In most theological schools, the foundation of the school’s mission is strengthening and serving the church. And how is this done? By preparing students for lay and ordained ministry in all kinds of settings.
But the mission can be served in another way as well. The boards of theological schools are composed of committed individuals, many of whom also serve in leadership in other church settings.
If a theological school’s board is strong, then its members develop new capacity for board service — capacity they bring back home to their roles in local and national church leadership.
I’ve served on church boards for many years, and, when I was president of Northwest Baptist Seminary, I also worked with both a seminary board and a consortium board. So I know that the mission, mandate, and structure, of theological schools are different from those of congregations. The role of the chief executive is different, too — and seminaries must report to accrediting bodies, government agencies, and sometimes universities or consortia that congregations don’t answer to. Theological schools also employ shared governance, with the president and board sharing authority with faculty, senior administrators, and various standing committees.
Yet in some ways, the boards of theological schools and congregations are not so different. In both contexts, board members are expected to give generously of their time, talent, and treasure. Both kinds of board members serve institutions with missions focused on spiritual formation and education. Both are concerned with vision formation, assessment, and risk management. They oversee the chief executive and set policies for personnel matters. And they monitor compliance with government regulations while collaborating with (and addressing the concerns of) denominational officials.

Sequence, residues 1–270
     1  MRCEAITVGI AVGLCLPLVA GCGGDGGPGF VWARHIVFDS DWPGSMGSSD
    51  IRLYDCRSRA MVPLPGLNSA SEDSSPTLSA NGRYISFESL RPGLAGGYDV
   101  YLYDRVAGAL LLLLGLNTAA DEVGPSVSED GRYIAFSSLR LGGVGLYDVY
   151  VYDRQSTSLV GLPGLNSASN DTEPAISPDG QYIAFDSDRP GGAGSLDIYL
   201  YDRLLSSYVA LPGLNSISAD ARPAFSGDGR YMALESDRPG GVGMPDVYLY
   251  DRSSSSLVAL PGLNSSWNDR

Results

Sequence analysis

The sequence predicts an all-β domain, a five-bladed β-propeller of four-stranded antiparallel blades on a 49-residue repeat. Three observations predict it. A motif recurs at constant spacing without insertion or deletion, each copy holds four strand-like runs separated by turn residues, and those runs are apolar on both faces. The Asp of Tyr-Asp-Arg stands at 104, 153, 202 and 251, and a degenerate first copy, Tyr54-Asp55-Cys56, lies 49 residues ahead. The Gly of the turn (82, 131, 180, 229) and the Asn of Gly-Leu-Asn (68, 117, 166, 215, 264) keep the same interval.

When a seminary equips its board members, it also equips people to serve their local congregations and other church bodies in similar capacities. And that’s one reason why the educational mission of the seminary is not confined to the classroom but must also reach into the boardroom. When a president and a theological school board enhance the capacity of the school’s board members, they open new doors of leadership for them within the church. And board education becomes an investment that continues to pay dividends long after service on the school’s board ends.
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